“DETERMINED to lay the foundations of an ever-closer union among the peoples of Europe…, RESOLVED by thus pooling their resources to preserve and strengthen peace and liberty, and calling upon the other peoples of Europe who share their ideal to join in their efforts, HAVE DECIDED to create a European Economic Community…”.
The Treaty of Rome, 25 March 1957
Ever closer union?
December 2nd, 2020. Will the EU ever become ‘Europe’? On the eve of the Portuguese presidency of the Council of the European Union, Portugal’s Prime Minister Antonio Costa last week gave a speech. Costa highlighted the main fissure which has cut through the EU for most of its history: is the EU a vehicle for the eventual creation of a European super-state or simply a super customs union designed to protect European states from the vicissitudes of the world economy? As Costa said: “This distinction is very important because the lack of understanding of this certainly led to the departure of the UK, which saw the EU as a platform for generating value, but not something that resulted from sharing fundamental values”. The tension between the two visions of ‘Europe’ also explains why the EU has always been part geopolitics and part domestic politics, and why the British have had such a tortured relationship with the idea of ever closer union.
Costa was being a little kind in suggesting a “lack of understanding” on the part of the British. The seeds of the forthcoming Brexit finalité (as much as there will ever be one) were sewn on 1 January 1973, the day the UK acceded to the then European Economic Community (EEC). The prime minister of the day, Edward Heath, was never wholly honest with the British people about the political ambition inherent in the EU’s founding instrument, the Treaty of Rome. That is why London routinely referred to the EEC as the “Common Market”. Former diplomat Sir Crispin Tickell, who was intimately involved in the negotiations, put it this way, “Heath knew the EU would evolve towards a political union, and wanted to make certain the UK contributed to the way it was shaped. There was a realisation during the negotiations that we were setting out a direction of travel, and making certain that we had the right stops on the journey – but we didn’t have great arguments about the ultimate destination [finalité]”. Only those opposed to Britain’s membership cast the EEC in the light of a political project and the ‘nightmare’ prospect of some future European super-state.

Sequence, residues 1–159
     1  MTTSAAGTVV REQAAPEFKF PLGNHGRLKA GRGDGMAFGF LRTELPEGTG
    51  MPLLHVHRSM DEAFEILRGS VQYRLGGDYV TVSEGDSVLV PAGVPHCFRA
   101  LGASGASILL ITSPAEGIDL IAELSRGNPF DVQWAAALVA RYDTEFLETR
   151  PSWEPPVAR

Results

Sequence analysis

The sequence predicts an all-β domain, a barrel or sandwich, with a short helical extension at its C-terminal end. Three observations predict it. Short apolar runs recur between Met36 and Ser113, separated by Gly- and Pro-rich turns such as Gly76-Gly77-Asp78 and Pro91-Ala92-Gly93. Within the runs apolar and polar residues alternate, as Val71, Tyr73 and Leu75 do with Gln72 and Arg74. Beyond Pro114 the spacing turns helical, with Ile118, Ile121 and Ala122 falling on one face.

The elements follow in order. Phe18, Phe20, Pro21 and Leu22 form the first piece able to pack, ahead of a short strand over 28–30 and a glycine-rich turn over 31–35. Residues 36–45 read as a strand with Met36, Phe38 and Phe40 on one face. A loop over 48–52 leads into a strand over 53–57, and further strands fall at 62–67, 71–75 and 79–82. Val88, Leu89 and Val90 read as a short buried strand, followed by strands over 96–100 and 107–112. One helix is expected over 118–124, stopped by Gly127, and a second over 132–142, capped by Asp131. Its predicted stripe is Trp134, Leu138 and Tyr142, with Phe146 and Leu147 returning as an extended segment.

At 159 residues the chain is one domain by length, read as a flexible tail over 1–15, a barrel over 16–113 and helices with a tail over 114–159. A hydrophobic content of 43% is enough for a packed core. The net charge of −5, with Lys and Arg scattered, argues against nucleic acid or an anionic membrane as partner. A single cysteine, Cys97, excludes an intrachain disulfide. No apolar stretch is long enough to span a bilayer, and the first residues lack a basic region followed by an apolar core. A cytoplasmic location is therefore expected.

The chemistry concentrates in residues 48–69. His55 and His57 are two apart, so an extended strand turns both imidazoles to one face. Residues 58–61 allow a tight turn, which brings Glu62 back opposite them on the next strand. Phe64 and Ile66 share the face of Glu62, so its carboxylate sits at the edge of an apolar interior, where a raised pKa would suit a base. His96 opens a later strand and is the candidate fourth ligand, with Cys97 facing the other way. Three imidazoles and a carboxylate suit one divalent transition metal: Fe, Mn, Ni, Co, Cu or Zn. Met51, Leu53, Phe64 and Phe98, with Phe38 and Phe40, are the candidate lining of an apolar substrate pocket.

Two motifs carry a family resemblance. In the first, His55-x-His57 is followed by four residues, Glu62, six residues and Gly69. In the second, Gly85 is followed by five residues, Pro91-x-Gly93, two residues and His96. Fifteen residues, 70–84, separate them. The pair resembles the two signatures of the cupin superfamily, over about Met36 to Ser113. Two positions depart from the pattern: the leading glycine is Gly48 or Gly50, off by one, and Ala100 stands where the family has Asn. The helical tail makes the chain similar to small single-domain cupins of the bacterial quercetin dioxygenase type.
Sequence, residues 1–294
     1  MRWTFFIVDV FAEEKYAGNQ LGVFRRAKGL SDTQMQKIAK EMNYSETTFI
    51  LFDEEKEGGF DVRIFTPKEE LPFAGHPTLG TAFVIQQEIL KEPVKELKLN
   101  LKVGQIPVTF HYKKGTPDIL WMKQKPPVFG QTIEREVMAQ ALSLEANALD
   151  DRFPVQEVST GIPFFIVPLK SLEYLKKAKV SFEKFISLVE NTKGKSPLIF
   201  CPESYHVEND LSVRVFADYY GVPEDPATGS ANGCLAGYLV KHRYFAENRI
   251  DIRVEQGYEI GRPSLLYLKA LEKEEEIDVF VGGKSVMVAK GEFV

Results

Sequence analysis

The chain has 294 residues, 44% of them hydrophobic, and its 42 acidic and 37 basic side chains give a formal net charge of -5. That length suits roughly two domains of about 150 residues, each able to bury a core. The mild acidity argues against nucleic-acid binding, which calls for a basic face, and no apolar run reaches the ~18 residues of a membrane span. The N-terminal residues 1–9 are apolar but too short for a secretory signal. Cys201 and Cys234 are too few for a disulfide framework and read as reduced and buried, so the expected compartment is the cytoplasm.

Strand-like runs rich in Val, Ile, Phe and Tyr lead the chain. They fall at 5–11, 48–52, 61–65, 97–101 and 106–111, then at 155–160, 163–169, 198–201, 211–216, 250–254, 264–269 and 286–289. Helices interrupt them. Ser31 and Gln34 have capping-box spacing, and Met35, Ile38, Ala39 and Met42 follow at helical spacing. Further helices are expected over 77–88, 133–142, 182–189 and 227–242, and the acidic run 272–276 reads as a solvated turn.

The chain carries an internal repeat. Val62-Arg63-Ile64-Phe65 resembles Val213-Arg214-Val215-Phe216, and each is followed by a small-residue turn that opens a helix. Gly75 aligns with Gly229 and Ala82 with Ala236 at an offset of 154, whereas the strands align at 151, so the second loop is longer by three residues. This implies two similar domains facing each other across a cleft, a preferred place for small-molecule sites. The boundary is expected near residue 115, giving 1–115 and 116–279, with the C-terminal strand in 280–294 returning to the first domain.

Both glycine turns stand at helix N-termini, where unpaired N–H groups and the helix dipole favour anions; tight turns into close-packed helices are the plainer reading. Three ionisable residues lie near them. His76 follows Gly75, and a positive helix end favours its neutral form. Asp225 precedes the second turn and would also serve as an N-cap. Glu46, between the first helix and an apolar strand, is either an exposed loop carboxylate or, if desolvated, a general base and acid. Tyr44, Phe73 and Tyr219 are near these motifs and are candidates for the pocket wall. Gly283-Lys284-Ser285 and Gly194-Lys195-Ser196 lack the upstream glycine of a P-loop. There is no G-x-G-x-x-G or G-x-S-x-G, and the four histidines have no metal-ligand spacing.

The geopolitics of Europe
For Heath the emphasis in 1973 was geopolitics and preserving the influence of a declining, post-imperial Britain through the aggregated economic and political power of the EEC. However, Britain’s concept of geopolitics always differed from that of, say, Germany. For Germans the domestic and the European were pretty much the same and their security could be realised only through the effective alignment of the two within the wider framework of the transatlantic relationship. At the time there was an inner-German border and on the other side the massed ranks of the Red Army. For centuries the British, or rather the English, had seen the purpose of geopolitics in Europe as preventing the emergence of any one single dominant power on the Continent. For London the aim was precisely the opposite – to prevent the European dominating the domestic. By joining the ‘European Project’ London hoped to ensure the EEC remained precisely that, an economic community of nation-states. That was also the reason Britain was a fan of ‘widening’ the European institutions rather than ‘deepening’ them. This dichotomy caused a profound tension in Britain’s membership of the EEC from the start, because London was both part of the European journey and a brake on it. In other words, Britain’s membership was not to promote an ideal but to ‘win’ a power struggle and was as much mired in the past as looking to the future.